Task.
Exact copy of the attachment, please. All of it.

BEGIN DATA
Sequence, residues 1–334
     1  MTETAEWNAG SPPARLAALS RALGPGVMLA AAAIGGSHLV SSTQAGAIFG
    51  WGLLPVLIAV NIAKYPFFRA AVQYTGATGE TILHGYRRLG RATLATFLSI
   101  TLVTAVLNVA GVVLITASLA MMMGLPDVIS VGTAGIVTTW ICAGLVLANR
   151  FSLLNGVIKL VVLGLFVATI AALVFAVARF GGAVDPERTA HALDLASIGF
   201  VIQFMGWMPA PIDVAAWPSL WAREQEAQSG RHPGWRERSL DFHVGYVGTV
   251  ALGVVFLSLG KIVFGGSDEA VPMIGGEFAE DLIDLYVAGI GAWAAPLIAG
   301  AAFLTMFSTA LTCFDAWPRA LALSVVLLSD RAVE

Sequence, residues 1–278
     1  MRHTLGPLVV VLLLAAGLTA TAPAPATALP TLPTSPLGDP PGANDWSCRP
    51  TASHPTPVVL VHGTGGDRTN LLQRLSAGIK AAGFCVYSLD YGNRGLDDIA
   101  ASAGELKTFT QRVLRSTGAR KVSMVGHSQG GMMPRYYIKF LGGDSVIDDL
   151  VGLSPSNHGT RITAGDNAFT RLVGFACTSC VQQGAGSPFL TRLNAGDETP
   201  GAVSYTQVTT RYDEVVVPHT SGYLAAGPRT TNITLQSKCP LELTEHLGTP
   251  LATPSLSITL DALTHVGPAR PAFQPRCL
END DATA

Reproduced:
Sequence, residues 1–334
     1  MTETAEWNAG SPPARLAALS RALGPGVMLA AAAIGGSHLV SSTQAGAIFG
    51  WGLLPVLIAV NIAKYPFFRA AVQYTGATGE TILHGYRRLG RATLATFLSI
   101  TLVTAVLNVA GVVLITASLA MMMGLPDVIS VGTAGIVTTW ICAGLVLANR
   151  FSLLNGVIKL VVLGLFVATI AALVFAVARF GGAVDPERTA HALDLASIGF
   201  VIQFMGWMPA PIDVAAWPSL WAREQEAQSG RHPGWRERSL DFHVGYVGTV
   251  ALGVVFLSLG KIVFGGSDEA VPMIGGEFAE DLIDLYVAGI GAWAAPLIAG
   301  AAFLTMFSTA LTCFDAWPRA LALSVVLLSD RAVE

Sequence, residues 1–278
     1  MRHTLGPLVV VLLLAAGLTA TAPAPATALP TLPTSPLGDP PGANDWSCRP
    51  TASHPTPVVL VHGTGGDRTN LLQRLSAGIK AAGFCVYSLD YGNRGLDDIA
   101  ASAGELKTFT QRVLRSTGAR KVSMVGHSQG GMMPRYYIKF LGGDSVIDDL
   151  VGLSPSNHGT RITAGDNAFT RLVGFACTSC VQQGAGSPFL TRLNAGDETP
   201  GAVSYTQVTT RYDEVVVPHT SGYLAAGPRT TNITLQSKCP LELTEHLGTP
   251  LATPSLSITL DALTHVGPAR PAFQPRCL